Wednesday, February 11, 2009

Devices and Deadlines

device--any stratagem, trait, or narrative technique that triggers consequences in a story; a framing pattern for including one or more stories within a longer work; a catch-all for narrative technique, metaphor, props, mistaken identity.

Although the reader may not see the device immediately, its cumulative effect begins to tell at some point and the reader goes forth, making assumptions about the left-handed individual who walks with a slight limp, causing the reader at the appropriate moment of hearing the sound of a halting step behind the protagonist in the alleyway to suspect that the protagonist has been betrayed and is about to suffer unknown consequences. 

Another such device is a frequent cliche in low-grade horror films where, #1, the protagonist is specifically warned about going up to the attic, and #2, the protagonist goes up to the attic, where it is quite dark and, #3, steps on something that produces an eerie yowl. #4, the genesis of the yowl was a cat, identification of which produces the catharsis out of early Greek drama, setting the protagonist for stepping something which produces an eerie yowl but the something is not a cat, it is the reason the protagonist was warned against going to the attic in the first place.

Device may also be point of view, particularly if the use of that particular point of view goes out on strike against a convention such as having a story or novel narrated by a dead person, such as the narrator of Machado de Asisi's Epitaph for a Small Winner or Alice Seybold's The Lovely Bones.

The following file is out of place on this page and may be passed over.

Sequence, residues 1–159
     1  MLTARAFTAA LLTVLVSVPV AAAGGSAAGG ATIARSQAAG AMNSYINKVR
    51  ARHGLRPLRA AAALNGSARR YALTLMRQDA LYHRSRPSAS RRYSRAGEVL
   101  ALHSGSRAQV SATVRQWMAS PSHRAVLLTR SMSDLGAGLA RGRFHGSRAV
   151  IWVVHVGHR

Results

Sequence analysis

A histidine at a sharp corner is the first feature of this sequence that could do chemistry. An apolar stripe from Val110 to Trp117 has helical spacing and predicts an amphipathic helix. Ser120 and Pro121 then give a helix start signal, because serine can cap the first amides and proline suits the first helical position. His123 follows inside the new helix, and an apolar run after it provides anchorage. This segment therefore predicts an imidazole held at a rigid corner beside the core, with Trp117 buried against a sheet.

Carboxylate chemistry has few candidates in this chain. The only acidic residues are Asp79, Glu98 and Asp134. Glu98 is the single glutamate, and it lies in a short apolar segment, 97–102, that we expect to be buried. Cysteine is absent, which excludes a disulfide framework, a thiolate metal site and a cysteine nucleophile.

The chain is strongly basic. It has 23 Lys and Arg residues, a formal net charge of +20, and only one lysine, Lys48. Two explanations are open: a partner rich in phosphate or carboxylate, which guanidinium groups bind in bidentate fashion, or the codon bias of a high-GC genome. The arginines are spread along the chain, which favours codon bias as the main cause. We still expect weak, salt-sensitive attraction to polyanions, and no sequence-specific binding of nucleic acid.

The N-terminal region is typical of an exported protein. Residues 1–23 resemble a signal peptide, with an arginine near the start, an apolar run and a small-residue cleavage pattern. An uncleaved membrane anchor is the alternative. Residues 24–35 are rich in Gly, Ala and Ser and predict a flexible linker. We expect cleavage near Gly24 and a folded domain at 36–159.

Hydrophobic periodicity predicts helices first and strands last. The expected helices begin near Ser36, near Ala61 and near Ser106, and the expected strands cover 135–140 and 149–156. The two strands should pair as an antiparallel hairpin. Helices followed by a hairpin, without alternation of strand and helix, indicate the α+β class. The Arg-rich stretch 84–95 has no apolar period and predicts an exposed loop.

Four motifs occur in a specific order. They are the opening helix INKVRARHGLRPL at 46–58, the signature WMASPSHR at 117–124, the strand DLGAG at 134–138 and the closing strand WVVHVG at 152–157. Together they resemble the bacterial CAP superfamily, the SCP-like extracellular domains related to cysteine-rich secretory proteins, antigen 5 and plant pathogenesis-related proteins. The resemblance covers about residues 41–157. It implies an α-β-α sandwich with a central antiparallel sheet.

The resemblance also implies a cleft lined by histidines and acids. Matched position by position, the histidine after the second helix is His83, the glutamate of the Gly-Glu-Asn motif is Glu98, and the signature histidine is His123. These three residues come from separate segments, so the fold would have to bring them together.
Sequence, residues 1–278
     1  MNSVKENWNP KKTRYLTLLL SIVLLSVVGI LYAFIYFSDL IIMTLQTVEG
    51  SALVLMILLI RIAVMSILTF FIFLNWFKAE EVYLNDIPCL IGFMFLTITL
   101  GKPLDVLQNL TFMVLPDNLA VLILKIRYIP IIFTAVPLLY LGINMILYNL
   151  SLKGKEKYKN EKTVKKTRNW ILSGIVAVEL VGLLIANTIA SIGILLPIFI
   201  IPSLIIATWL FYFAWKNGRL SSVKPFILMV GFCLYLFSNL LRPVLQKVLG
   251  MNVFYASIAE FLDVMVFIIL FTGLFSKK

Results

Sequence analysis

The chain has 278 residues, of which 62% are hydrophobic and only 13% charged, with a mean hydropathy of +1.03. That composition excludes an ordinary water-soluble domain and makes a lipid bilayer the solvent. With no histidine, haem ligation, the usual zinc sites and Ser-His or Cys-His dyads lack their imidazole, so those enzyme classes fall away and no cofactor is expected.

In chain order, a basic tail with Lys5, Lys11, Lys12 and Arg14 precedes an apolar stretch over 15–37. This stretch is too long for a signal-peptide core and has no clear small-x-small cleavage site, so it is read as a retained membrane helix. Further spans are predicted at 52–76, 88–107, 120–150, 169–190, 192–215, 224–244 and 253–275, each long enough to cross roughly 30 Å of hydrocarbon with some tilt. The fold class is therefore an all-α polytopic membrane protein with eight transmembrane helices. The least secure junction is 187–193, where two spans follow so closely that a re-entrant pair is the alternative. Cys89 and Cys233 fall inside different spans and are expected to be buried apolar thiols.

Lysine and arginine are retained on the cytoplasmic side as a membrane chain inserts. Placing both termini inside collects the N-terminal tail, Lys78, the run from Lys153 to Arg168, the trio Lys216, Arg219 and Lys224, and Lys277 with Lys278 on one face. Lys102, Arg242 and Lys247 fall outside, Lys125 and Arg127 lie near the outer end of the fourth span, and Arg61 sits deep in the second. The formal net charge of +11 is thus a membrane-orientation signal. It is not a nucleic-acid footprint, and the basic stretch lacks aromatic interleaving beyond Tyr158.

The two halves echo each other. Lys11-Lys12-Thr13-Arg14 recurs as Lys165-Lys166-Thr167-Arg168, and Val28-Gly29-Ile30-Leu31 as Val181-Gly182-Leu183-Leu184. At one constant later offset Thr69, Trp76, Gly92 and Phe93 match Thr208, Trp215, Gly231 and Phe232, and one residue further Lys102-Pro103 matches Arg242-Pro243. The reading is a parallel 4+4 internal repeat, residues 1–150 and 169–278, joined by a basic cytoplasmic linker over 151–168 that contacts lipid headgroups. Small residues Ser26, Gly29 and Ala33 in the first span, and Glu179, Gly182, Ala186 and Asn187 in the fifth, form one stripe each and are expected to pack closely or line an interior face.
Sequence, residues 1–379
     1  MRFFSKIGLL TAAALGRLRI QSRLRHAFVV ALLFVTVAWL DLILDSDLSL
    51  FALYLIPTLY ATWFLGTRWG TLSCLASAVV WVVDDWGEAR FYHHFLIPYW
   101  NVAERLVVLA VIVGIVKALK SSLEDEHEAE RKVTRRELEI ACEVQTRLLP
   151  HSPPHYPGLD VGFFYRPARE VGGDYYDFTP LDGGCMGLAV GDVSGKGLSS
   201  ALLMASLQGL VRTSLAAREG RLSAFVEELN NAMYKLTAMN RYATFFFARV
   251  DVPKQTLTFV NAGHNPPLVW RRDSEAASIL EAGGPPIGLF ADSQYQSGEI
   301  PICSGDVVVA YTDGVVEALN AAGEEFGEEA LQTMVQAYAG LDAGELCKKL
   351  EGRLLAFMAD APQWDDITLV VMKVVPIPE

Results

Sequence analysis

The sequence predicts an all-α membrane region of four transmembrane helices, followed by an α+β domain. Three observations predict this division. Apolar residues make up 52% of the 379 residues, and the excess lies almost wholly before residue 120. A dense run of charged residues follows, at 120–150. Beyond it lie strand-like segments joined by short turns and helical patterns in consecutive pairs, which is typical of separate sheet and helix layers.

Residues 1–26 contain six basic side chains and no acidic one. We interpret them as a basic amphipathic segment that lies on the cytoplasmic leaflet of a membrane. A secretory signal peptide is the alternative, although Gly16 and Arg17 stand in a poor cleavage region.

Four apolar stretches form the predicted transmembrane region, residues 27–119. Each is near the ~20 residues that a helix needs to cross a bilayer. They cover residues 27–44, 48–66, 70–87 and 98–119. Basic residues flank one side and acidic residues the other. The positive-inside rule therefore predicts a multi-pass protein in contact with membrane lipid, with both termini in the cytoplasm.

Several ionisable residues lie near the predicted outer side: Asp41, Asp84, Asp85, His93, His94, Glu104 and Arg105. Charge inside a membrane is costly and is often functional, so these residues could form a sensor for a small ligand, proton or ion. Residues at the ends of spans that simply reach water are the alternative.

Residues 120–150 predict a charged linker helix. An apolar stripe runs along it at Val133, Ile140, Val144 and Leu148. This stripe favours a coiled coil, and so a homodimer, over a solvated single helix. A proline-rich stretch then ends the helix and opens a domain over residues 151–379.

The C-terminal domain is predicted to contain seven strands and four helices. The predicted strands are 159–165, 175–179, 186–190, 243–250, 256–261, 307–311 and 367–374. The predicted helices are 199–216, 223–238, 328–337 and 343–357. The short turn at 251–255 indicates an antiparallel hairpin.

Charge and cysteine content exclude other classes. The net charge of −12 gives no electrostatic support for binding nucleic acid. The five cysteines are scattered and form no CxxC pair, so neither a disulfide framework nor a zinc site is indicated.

See also Mark Twain's The Prince and the Pauper, in which two identical-appearing boys have their roles transposed, and Shakespeare's Twelfth Night, in which the character Viola pretends to be a young man, in which guise her love is sought by a woman, a device that could have stopped right there had Shakespeare not recognized the added device of having Viola fall in love with the man she is now serving as a confidante.

See also alternate universe novels such as those of the His Dark Materials Trilogy by Philip Pullman, in which the device becomes an entire universe parallel to but slightly different from our own.

See also details.

deadline--the time by which one or more characters in a story have to make a decision; the time by which a character was to have completed an assigned task.

Often a moment of exquisite tension, the arrival of the deadline is a threat even in the abstract sense of the main characters in a story being reminded that the meteor will strike in one day, the dam will burst by noon tomorrow, the planet Earth is doomed in two years if scientists cannot determine a way to shift the tilt of it on its axis, a patient in an episode of House, M.D., being consumed by her own immune system and only five minutes left in the episode, a wrongly convicted man facing lethal injection in six hours unless... Thus time running out; the guttering candle, the remaining grains of sand in an hour glass, the needle flickering even on a hybrid auto's fuel tank.

Deadlines are stress situations writ large; they infuse story with a necessary sense of inevitability, which is, after all, one of the ways story takes an alternate route from life.

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